The Taliban's series of successes ended when the United States invaded Afghanistan following the Sept. 11 attacks by al Qaeda. The U.S. invasion, facilitated by the support of the Northern Alliance and aided by Russia, was able to displace the Taliban and drive the movement from all major cities and towns within a few short months. The operation began in Mazar-i-Sharif in the north (Uzbek warlord Abdul Rashid Dostum's stronghold) and proceeded onto other parts of northern Afghanistan while taking on Kabul and the Taliban stronghold of Kandahar shortly thereafter.
The invasion included U.S. security support to the Central Asian states that, with help from Moscow, made their territory available for logistical and support bases for U.S. and subsequently NATO operations into Afghanistan. This allowed the Central Asian governments and security forces in Uzbekistan, Tajikistan and Kyrgyzstan to destroy many militant cells from the Islamic Movement of Uzbekistan and other groups, such as Hizb al-Tahrir, the remainder of which sought refuge south of the border.
Shifts in Militant Support and Activity
But the U.S. invasion did not eliminate the Taliban or the elements of the Islamic Movement of Uzbekistan or al Qaeda that they supported. Rather, it drove them into remote parts of the Afghanistan-Pakistan borderlands or Pakistan proper. Pakistan provided the Taliban conducive conditions in which to seek refuge; not only did the mountainous terrain afford protection against conventional military threats, but Pakistan's own large Pashtun community and the political support of elements of the Pakistani government and Inter-Services Intelligence allowed the Taliban to regroup and establish an insurgency (which also had the unintended effect of eventually spawning a Pakistani Taliban insurgency). The transnational militant groups like the Islamic Movement of Uzbekistan and al Qaeda were not afforded the same cultural or political support and were thus degraded over time, though by no means eliminated completely.
Uzbek militants based in Central Asia and Afghanistan during the Taliban regime were not the only Uzbeks who had moved into Pakistan's tribal badlands. Many Uzbeks had come during the decade between the Soviet withdrawal and the collapse of the Taliban regime and had married into Pakistani Pashtun tribes. Many were part of the Haqqani network that later joined the Taliban when the militant group reached the northeastern parts of Afghanistan during its conquests. Also, they were not all part of the Islamic Movement of Uzbekistan, as many were with al Qaeda and many were with the Baitullah Mehsud tribe in South Waziristan.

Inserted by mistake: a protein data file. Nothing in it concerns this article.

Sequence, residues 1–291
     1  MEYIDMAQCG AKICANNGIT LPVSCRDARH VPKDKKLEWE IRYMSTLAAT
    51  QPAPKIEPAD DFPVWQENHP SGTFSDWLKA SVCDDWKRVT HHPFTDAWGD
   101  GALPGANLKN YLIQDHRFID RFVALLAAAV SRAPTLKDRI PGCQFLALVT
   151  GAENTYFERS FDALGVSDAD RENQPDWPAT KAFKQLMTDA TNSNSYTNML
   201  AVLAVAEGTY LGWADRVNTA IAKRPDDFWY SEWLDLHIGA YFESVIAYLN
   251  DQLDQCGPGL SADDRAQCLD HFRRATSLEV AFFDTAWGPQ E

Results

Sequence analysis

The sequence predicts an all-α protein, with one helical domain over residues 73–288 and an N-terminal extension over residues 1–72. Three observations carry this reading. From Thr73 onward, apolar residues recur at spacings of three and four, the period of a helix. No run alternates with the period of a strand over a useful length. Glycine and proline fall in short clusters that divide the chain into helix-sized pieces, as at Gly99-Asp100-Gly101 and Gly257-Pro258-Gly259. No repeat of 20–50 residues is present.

The result was an insurgency by the Taliban against NATO military forces and the U.S.-supported regime of Hamid Karzai within Afghanistan, but a substantial degradation in the capabilities of the Islamic Movement of Uzbekistan and al Qaeda as they lost their former territorial sanctuary. The frequency of Islamic Movement of Uzbekistan attacks in Uzbekistan and the Fergana Valley peaked in 2001, and Central Asia's security environment over the next decade was much calmer compared to the late 1990s and early 2000s. The Islamic Movement of Uzbekistan was not able to accomplish its goal of overthrowing Uzbek President Islam Karimov and establishing an emirate in Uzbekistan.
However, the region was not entirely quiet. Bombings attributed to the Islamic Movement of Uzbekistan occurred in Tashkent in 2004, and security forces put down an uprising in Andijan in Uzbekistan's Fergana region in 2005 that was blamed on Islamist militants. However, these developments likely had more to do with a potential political power struggle within Uzbekistan that Karimov sought to quash, using militancy as an excuse. Tajikistan also saw a resumption of attacks in 2010 when a military convoy was sabotaged by what the government said were Islamic Movement of Uzbekistan militants in the eastern part of the country. This, too, was likely the work of internal political divisions in the country, with remnant rebel elements from the civil war pushing back against Tajik President Emomali Rakhmon's venture into their territory rather than harboring a transnational militant agenda.
In recent years, the governments of Uzbekistan, Tajikistan and Kyrgyzstan have all claimed to have captured Islamic Movement of Uzbekistan militants planning attacks in security sweeps, though little evidence has been given of their affiliation and plans of attack. While remnants of the Islamic Movement of Uzbekistan could remain in Central Asia, the group's situation is complicated. The movement as it was known prior to the U.S. invasion no longer exists; its former leadership was chased out of Central Asia and killed off (Juma Namangani was killed in a 2001 airstrike, and Tahir Yuldashev reportedly was killed in 2009). Leadership then went into new hands, and the group splintered into numerous militant factions with differing nationalities, ideologies, strategies and tactics. Some of these militants have fought in Pakistan alongside the Taliban, others have fought alongside al Qaeda and still others have been incorporated into the tribal milieu of the Afghan-Pakistani border area.